The discovery of millions of tons of rare earth metals on a deserted Pacific Ocean island is hailed as a game changer for the world economy.
Mud deposits around the island contain the metals in a quantity reported to be enough to feed the world’s demand ‘semi-infinitely’.
Geologists say they have detected more than 16 million tonnes of the metals which are integral to making electronic devices from smartphones to guidance systems for space craft.
The deposit was discovered by a research teammade up from universities, government bodies and businesses.
The team surveyed the Pacific within Japan’s economic area and found the metals near the island of Miniami-Torishima.
Balance of global market tilted
The researchers said they expect a 2500 square kilometre zone off the island should contain 16 million tonnes of the valuable elements, and “has the potential to supply these metals on a semi-infinite basis to the world”.
They added that the reserves offer “great potential as ore deposits for some of the most critically important elements in modern society.”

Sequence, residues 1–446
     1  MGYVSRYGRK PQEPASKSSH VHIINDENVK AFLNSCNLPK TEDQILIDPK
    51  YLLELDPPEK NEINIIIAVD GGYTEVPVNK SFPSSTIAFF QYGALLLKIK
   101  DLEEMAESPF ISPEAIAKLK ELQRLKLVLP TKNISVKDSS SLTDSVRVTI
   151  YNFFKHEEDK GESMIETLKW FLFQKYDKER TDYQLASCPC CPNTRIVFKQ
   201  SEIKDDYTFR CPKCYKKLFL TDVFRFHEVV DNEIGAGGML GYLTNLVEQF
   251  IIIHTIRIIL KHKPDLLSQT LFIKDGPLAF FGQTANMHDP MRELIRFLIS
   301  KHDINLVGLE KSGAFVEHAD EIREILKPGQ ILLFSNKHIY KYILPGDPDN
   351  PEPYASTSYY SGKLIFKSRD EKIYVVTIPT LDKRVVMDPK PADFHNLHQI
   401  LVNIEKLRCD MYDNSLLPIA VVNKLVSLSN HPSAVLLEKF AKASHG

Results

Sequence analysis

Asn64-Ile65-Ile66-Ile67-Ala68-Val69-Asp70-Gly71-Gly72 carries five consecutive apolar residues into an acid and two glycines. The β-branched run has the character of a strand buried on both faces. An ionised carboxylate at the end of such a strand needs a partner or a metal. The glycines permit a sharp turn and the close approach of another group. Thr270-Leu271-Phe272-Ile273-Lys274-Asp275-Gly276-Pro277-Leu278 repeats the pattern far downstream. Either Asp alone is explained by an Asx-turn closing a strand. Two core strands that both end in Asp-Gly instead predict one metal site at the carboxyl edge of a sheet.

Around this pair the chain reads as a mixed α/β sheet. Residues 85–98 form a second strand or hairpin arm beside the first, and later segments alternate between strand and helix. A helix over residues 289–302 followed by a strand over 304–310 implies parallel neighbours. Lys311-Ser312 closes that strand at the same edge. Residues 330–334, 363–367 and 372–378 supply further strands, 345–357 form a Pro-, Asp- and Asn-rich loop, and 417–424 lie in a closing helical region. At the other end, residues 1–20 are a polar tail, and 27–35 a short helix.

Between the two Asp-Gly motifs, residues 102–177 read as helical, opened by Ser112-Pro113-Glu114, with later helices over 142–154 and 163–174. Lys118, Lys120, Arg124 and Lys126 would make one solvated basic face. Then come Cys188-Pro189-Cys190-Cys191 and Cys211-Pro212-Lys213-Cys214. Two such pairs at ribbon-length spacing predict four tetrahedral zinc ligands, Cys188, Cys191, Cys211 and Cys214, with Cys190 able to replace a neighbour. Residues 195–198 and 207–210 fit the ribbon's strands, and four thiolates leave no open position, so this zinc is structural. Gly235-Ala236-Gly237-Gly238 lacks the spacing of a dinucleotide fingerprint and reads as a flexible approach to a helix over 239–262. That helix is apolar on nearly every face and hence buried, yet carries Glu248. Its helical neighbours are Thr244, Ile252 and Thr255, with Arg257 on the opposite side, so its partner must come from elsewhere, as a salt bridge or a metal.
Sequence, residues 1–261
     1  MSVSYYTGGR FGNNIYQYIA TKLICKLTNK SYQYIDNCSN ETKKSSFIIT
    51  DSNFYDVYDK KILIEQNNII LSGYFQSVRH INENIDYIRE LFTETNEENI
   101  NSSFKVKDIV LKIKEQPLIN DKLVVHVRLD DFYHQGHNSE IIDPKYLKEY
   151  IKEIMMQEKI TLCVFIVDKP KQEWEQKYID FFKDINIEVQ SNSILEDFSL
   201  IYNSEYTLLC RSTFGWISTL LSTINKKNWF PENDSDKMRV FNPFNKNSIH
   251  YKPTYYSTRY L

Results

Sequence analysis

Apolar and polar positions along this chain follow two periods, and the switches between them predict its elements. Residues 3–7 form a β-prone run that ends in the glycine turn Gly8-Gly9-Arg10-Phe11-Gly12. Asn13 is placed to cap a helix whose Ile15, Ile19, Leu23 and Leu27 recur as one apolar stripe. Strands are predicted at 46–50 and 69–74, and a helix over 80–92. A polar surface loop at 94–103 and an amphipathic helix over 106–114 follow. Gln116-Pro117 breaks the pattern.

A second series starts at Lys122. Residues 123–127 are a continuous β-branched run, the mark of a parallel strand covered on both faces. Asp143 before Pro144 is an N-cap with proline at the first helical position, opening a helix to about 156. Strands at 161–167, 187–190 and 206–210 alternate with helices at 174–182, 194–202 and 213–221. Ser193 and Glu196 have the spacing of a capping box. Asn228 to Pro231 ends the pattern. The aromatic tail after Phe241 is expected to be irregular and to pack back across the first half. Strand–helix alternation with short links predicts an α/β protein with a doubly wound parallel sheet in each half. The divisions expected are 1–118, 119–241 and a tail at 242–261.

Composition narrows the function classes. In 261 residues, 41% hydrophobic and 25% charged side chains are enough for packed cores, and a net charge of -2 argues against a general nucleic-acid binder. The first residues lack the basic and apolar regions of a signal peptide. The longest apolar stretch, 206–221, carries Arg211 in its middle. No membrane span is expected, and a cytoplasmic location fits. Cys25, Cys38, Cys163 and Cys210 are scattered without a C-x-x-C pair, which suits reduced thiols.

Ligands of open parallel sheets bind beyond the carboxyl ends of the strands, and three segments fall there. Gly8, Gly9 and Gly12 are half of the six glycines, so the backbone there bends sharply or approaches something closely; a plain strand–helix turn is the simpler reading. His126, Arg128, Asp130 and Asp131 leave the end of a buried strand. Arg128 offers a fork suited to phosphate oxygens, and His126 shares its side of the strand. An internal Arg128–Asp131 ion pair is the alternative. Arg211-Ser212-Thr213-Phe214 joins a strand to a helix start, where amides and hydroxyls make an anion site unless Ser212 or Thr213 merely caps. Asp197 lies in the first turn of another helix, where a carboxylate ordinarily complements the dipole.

If confirmed, the discovery tilts the balance of the global market of rare earth metals.
China mines and exports a massive 80% of the world’s rare earth metals and controls supply and pricing.
Beijing not only controls the supply but allows Chinese companies to access the elements ahead of foreign competitors.
Not so rare metals
Now, Japan will have a natural resource that matches that in China, bringing more competition to the market and freeing non-Chinese companies from the Beijing chokehold.
To extract the rare earth metals, the Japanese research team has had to devise a way of separating the deep-sea muds from the elements.
“The enormous resource amount and the effectiveness of the mineral processing are strong indicators that this rare-earth rich mud resource could be exploited soon,” the study said.
Rare earth metalsare not that rare and make up the 25thmost abundant element on the planet.
Governments feared supply would run out due to the reliance of electronic technology on rare earth metals. Some countries are stockpiling supplies, while others are looking at exploiting mines to garner their own resources.